Tuesday, August 22, 2006


Death seems to be a lot closer, and more present, since we returned to Bangladesh over a year ago.

For example, some months ago I was at a local Club signing up for membership. I gave my money to the accounts person in the office, a polite young man, who took care of my paperwork. A few days later I was at the Club ordering food at a counter, when I noticed a collection box at the far end of a table. You know, a cardboard box with a slot on the top for collecting money for a cause. Moving closer, I noticed a picture on the box - and as I got even closer I see the same young man. It was a collection for his family, because a couple of days after I met him, he was run over by a bus on the road while jogging.

When we were living in the US death seemed far, but here it always seems to be lurking around the corner.

Part of that is because here we have many more older relatives and friends than we had in the US. Partly, it is because we just know more people, and their older relatives die, and so on.

Statistically, the life expectancy is less than the US, which also contributes. Not sure about the per-capita accident rates, though.

When I go to the prayer services for those who have departed, those leading the prayers also talk a lot about death.

Newspapers have "nth" death anniversary notices for eminent people almost every day.

My favorite story about death:

Many years ago, in the Middle East, a rich man's servant comes to him one morning, shaking with fear. "Master, master, I was in the market and saw Death. And he looked at me in that special way. I want to run away as far as I can from here."

The master, who liked this servant very much, said "I'll give you my fastest horse and you can go all the way to fay-away Samarra." So the servant takes off.

Later in the day master goes to the market and looks for Death. When he finds him, he says, "Why did you startle my servant this morning?"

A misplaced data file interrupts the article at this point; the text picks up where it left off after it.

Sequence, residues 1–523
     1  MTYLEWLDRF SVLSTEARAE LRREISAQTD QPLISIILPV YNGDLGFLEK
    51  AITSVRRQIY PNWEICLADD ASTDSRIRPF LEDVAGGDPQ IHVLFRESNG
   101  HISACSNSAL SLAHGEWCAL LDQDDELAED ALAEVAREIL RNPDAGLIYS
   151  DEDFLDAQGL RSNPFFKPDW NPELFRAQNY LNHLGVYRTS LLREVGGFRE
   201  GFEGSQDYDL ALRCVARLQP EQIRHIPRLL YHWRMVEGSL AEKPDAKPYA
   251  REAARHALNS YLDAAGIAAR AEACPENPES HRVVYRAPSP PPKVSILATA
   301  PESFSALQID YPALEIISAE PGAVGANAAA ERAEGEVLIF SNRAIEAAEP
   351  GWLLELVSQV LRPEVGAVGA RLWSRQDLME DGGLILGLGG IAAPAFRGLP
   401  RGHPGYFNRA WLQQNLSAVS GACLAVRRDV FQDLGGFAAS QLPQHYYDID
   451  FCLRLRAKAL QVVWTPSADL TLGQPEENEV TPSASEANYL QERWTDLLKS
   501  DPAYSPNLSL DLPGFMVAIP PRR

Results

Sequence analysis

"It is I who was startled," protested Death, "because I'm meeting him in far-away Samarra later this evening. What was he doing so far away from there?"

(Another version of this story, which I heard at a recent Kulkhani (a prayer service for the departed father of a close friend), has Hazrat Idris (AS) in it. He feels that he has not worshipped Allah enough in his lifetime and asks Allah for an extension of his life so he can complete his prayers. He is taken all the way to the fourth heaven where he has a chance to ask Azrael (who is responsible for taking the life out of each human.) He asks Azrael for the extension, and Azrael says, "Funny, I just now got the order to take your life right away, and I was wondering how I was going to go all the way down to earth from here in time to do it.")

1 comment:

Zafa said...

This is so very true – you can never outrun death – it will happen when it will happen.

Many of us living so far away from home worry constantly for our ailing parents in BD. I am one of the extremely fortunate ones to have my parents living within miles from I. But my hubby and I constantly worry about my in-laws who are in their 70’s and late 60’s and just refused to migrate.
Our concerns sometimes turn to guilt and a feeling of neglect for not being around them physically. I know personally I would’ve gone crazy if I couldn’t see my parents regularly, to make sure they went for their check ups etc.
I know no one can stop the inevitable but the distance really puts a stress on all of our minds -- on both sides. A phone ring in the middle of the night makes our heart jump at the anticipation of the worst kind….